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GALLERIES > BIRDS > PASSERIFORMES > EMBERIZIDAE > LARK BUNTING [Calamospiza melanocorys]


Lark Bunting Photo @ Kiwifoto.com
 
 
Location: Bell Fourche, SD (Camp Crook Road)
GPS: 45.1N, -103.9W, elev=3,306' MAP
Date: July 20, 2010
ID : 7C2V0802 [3888 x 2592]

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Lark Bunting (female)
 
 
Location: Bell Fourche, SD (Camp Crook Road)
GPS: 45.1N, -103.9W, elev=3,306' MAP
Date: July 20, 2010
ID : 7C2V0741 [3888 x 2592]

bird photography

Lark Bunting Image @ Kiwifoto.com
 
 
Location: Bell Fourche, SD (Camp Crook Road)
GPS: 45.1N, -103.9W, elev=3,306' MAP
Date: July 20, 2010
ID : 7C2V0730 [3888 x 2592]

bird photography

Lark Bunting Picture @ Kiwifoto.com
 
 
Location: Bell Fourche, SD (Camp Crook Road)
GPS: 45.1N, -103.9W, elev=3,306' MAP
Date: July 20, 2010
ID : 7C2V0725 [3888 x 2592]

nature photography

Lark Bunting (victim of a Loggerhead Shrike)
 
 
Location: Bell Fourche, SD (Camp Crook Road)
GPS: 45.1N, -103.9W, elev=3,306' MAP
Date: July 20, 2010
ID : 7C2V0667 [3888 x 2592]

nature photography

Lark Bunting Photo @ Kiwifoto.com
 
 
Location: Caprock, NM
GPS: 33.4N, -103.8W, elev=4,179' MAP
Date: April 5, 2008
ID : 7356 [3888 x 2592]

Lark Bunting Image @ Kiwifoto.com
 
 
Location: Madera Canyon, AZ
GPS: 31.7N, -110.9W, elev=4,953' MAP
Date: November 10, 2007
ID : 7026 [3888 x 2592]

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SPECIES INFO

The Lark Bunting, Calamospiza melanocorys, is a medium-sized sparrow. It is monotypic, the only member of the genus Calamospiza (Bonaparte, 1838).

These birds have a large pale bill and a pale wing patch. Adult males in breeding plumage are black except for their white wing patch. Other birds are more sparrow-like in appearance; they have dark brown upperparts and white underparts, with streaking on the back, breast and flanks. The wings are dark with brown edges.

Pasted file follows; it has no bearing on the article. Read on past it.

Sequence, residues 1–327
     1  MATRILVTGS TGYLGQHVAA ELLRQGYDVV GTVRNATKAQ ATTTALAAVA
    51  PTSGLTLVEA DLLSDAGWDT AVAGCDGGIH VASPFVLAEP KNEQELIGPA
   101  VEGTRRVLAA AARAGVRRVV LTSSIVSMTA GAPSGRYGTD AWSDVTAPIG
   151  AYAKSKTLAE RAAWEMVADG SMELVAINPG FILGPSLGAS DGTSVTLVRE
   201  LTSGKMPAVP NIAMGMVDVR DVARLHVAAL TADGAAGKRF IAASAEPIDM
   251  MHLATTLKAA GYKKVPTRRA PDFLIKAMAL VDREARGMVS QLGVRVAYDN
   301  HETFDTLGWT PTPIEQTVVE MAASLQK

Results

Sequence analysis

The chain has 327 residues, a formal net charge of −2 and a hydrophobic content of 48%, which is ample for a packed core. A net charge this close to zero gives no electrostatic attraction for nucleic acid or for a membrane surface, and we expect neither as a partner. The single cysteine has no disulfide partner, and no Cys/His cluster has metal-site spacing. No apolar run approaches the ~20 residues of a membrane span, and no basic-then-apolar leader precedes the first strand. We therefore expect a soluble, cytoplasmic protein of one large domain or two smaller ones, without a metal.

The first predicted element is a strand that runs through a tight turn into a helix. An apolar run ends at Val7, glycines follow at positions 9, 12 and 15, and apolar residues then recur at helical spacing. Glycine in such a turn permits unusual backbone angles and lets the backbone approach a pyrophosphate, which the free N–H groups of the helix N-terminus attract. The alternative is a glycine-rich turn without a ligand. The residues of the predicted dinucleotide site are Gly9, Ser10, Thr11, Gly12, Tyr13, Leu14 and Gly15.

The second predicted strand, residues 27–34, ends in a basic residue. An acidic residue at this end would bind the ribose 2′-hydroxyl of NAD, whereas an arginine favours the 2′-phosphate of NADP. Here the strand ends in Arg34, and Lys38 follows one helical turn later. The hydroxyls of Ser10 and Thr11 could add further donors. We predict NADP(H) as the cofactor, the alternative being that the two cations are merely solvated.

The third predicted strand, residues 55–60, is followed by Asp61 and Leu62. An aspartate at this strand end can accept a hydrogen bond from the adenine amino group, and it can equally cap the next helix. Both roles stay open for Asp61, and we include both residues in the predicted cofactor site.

Their breeding habitat is prairie regions in central Canada and the mid-western United States. The nest is an open cup on the ground in a grassy area.

These birds migrate in flocks to southern Texas and Mexico.

They forage on the ground, mainly eating insects in summer and seeds in winter; they sometimes take short flights in pursuit of insects. Outside of the nesting season, they often feed in flocks.

These birds nest in dispersed colonies. Males fly up over their territory and sing while descending to declare ownership of a nesting territory. The song consists of a mix of whistles and trills. The call is a soft hoo.

This bird's numbers have decreased with the loss of natural prairie habitat.

This is the state bird of Colorado.



                                     




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lark_bunting's Range Map Click here to see the Lark Bunting's range map!
Listen to the Lark Bunting Song:



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